Section IV: The Unit Plan Section IV A: Major Unit Objectives (Key Eleme nt 2.A) (1) List the unit objectives and (2)
indicate the corresponding state standards. (Remember objectives must contain 4 parts: performance, product, conditions and criterion.)

Unit Objectives Key Element 2.A

Correlated Standards/Expectations

1. 80% of the students will be able to identify and explain the effect of the holocaust on the European society and Jewish culture.

7-4.6

Analyze the Holocaust and its impact on European society and Jewish culture, including Nazi policies to eliminate the Jews and other minorities, the Nuremberg trials, the Universal Declaration of Human Rights, the rise of nationalism in Southwest Asia (Middle East), the creation of the state of Israel, and the resultant conflicts in the region 7-6.2 Compare features of nationalist and independence movements in different regions in the postWorld War II period, including Mohandas Gandhis role in the nonviolence movement for Indias independence, the emergence of nationalist movements in African and Asian countries, and the collapse of the apartheid system in South Africa.

2. 80% of the students will be able to identify and compare nationalist and independence movements in the world. They will also be able to identify differences between different movements.

Section IV B: Unit Plan (Key Element 2.B)


Describe your instructional plan that is, the (1) sequence of steps that you need to follow if your students are to achieve the unit objectives. (2) Describe the key instructional activities, strategies, materials and resources including instructional technology), and indicate the unit objectives (numbered according to the order in which they are listed in Section IV A) that are addressed.

Instructional Plan for the Unit Key Element 2.B


Activities/Strategies/Materials/Resources (Key Element 2.B) PowerPoint Presentations: Students will view a PowerPoint that will outline the effects of the Holocaust. Students will interact with a review game for the common assessment test. Unit Objective Number(s) 1 1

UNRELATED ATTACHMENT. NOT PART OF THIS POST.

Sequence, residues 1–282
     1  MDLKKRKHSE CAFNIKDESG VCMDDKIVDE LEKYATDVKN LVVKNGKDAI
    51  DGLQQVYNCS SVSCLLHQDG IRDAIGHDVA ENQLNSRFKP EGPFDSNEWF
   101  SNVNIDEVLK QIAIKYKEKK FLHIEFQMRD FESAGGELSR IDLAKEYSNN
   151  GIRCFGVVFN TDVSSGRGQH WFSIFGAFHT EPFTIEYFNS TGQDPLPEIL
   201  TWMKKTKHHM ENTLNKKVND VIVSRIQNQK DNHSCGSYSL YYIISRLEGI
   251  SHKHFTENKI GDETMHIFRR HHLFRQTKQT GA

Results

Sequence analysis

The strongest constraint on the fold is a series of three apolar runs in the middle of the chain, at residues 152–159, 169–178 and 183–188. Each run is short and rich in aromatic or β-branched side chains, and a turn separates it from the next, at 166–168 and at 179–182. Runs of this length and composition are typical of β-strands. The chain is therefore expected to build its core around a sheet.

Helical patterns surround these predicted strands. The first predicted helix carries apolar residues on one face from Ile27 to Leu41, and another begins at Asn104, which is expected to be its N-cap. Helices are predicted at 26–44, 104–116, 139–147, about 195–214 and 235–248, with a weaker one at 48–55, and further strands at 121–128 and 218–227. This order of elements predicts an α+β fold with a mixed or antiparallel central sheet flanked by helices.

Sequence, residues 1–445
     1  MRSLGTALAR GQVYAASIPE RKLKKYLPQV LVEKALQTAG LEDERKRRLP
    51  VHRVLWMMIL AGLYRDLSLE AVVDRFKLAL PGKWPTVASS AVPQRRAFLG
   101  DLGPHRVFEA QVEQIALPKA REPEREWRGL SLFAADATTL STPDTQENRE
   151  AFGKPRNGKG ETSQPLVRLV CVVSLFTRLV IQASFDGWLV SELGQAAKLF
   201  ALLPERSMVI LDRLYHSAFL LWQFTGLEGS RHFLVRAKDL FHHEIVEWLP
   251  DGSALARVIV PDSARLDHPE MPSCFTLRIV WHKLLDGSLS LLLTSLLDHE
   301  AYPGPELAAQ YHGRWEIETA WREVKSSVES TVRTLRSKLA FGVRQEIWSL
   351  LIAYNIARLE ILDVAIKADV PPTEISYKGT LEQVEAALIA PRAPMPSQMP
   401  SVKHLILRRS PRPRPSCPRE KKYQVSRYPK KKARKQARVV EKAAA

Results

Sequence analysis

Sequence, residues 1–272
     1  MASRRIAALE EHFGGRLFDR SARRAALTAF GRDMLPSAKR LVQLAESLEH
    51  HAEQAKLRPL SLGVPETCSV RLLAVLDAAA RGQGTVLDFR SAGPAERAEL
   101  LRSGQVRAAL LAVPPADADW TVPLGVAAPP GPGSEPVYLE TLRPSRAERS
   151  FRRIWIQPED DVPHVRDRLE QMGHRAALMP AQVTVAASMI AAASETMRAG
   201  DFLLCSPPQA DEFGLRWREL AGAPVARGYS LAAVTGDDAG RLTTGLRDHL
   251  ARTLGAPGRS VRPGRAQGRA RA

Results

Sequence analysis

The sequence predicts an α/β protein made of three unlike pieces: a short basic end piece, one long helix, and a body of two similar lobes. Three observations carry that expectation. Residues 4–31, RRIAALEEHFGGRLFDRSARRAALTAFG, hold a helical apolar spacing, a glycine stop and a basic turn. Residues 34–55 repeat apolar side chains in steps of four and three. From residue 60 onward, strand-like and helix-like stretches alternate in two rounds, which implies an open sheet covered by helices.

PowerPoint Presentations: Students will view a PowerPoint that will outline the different national independence movements. Students will interact with a review game for the common assessment test.

2 2

Reflect on the instructional plan for the unit: How does this instructional plan (1) establish a balance between grade-level academic standards and expectations and the needs, abilities and developmental levels of individual students? (2) Discuss the strategies used to teach students on varying levels. (3) Discuss how you designed your instructional plan using students characteristics, needs and learning contexts.

The instructional plan balances grade-level academic standards and expectations and the needs, abilities, and developmental levels of individual students by using the district pacing guide and spending two weeks on this unit. I tried an activity called graze and gather in my classes, this allowed the students who do not understand the standard to et help without asking anyone because they get to walk around and look on the other students paper. The district created the pacing guide for me to follow and I created the unit based on how often I have to a have a common assessment which is every two weeks. Section V A: Unit Assessments (Key Element 3.A) - List the key unit assessments. Type of Assessment (Check one for each assessment)